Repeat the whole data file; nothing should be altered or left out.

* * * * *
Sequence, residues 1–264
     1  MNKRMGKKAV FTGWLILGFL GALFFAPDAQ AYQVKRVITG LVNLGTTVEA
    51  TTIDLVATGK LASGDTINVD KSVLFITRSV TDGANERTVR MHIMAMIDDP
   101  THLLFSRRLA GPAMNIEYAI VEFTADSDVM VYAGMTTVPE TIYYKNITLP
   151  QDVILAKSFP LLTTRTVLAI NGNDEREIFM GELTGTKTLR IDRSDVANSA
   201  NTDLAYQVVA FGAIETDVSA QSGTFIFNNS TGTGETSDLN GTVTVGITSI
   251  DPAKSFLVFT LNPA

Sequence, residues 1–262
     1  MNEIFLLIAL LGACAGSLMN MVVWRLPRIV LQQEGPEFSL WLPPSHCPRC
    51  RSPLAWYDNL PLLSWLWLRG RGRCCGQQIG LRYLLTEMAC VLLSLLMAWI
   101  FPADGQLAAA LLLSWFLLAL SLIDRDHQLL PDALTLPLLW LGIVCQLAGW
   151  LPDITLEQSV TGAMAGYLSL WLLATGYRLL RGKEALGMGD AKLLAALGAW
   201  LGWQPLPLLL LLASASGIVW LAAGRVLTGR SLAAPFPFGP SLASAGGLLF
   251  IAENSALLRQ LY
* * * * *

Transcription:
Sequence, residues 1–264
     1  MNKRMGKKAV FTGWLILGFL GALFFAPDAQ AYQVKRVITG LVNLGTTVEA
    51  TTIDLVATGK LASGDTINVD KSVLFITRSV TDGANERTVR MHIMAMIDDP
   101  THLLFSRRLA GPAMNIEYAI VEFTADSDVM VYAGMTTVPE TIYYKNITLP
   151  QDVILAKSFP LLTTRTVLAI NGNDEREIFM GELTGTKTLR IDRSDVANSA
   201  NTDLAYQVVA FGAIETDVSA QSGTFIFNNS TGTGETSDLN GTVTVGITSI
   251  DPAKSFLVFT LNPA

Sequence, residues 1–262
     1  MNEIFLLIAL LGACAGSLMN MVVWRLPRIV LQQEGPEFSL WLPPSHCPRC
    51  RSPLAWYDNL PLLSWLWLRG RGRCCGQQIG LRYLLTEMAC VLLSLLMAWI
   101  FPADGQLAAA LLLSWFLLAL SLIDRDHQLL PDALTLPLLW LGIVCQLAGW
   151  LPDITLEQSV TGAMAGYLSL WLLATGYRLL RGKEALGMGD AKLLAALGAW
   201  LGWQPLPLLL LLASASGIVW LAAGRVLTGR SLAAPFPFGP SLASAGGLLF
   251  IAENSALLRQ LY